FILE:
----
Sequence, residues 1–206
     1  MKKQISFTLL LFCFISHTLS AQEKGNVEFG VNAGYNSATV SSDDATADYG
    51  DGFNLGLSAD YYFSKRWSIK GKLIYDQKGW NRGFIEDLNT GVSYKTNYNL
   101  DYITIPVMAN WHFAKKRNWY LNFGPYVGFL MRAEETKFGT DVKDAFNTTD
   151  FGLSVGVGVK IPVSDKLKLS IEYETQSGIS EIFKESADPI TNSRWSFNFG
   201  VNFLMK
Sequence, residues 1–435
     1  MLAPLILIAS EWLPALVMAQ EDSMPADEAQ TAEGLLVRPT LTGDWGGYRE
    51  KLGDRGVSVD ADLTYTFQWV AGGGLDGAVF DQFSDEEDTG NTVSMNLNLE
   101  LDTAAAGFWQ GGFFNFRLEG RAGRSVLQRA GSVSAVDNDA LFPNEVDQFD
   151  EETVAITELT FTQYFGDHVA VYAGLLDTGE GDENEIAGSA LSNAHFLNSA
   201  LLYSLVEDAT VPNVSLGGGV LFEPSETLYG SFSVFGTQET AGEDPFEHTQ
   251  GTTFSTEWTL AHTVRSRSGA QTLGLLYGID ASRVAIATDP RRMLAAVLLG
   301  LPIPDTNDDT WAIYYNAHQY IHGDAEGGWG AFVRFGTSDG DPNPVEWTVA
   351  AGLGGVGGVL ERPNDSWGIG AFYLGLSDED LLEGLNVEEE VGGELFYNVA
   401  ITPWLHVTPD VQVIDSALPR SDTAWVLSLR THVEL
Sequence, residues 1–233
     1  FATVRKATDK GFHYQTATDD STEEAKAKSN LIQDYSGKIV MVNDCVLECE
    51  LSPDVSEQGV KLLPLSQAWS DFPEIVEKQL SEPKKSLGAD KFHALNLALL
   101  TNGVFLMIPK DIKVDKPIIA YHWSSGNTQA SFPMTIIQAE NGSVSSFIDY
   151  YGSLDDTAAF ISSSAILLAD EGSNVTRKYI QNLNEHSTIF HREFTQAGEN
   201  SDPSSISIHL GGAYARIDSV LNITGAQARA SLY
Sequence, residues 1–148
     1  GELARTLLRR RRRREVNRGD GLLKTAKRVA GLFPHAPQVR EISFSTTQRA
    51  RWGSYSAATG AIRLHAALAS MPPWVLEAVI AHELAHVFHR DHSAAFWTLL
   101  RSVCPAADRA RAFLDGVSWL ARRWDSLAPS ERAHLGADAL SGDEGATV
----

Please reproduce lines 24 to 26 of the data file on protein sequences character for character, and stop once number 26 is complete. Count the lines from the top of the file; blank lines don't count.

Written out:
     1  GELARTLLRR RRRREVNRGD GLLKTAKRVA GLFPHAPQVR EISFSTTQRA
    51  RWGSYSAATG AIRLHAALAS MPPWVLEAVI AHELAHVFHR DHSAAFWTLL
   101  RSVCPAADRA RAFLDGVSWL ARRWDSLAPS ERAHLGADAL SGDEGATV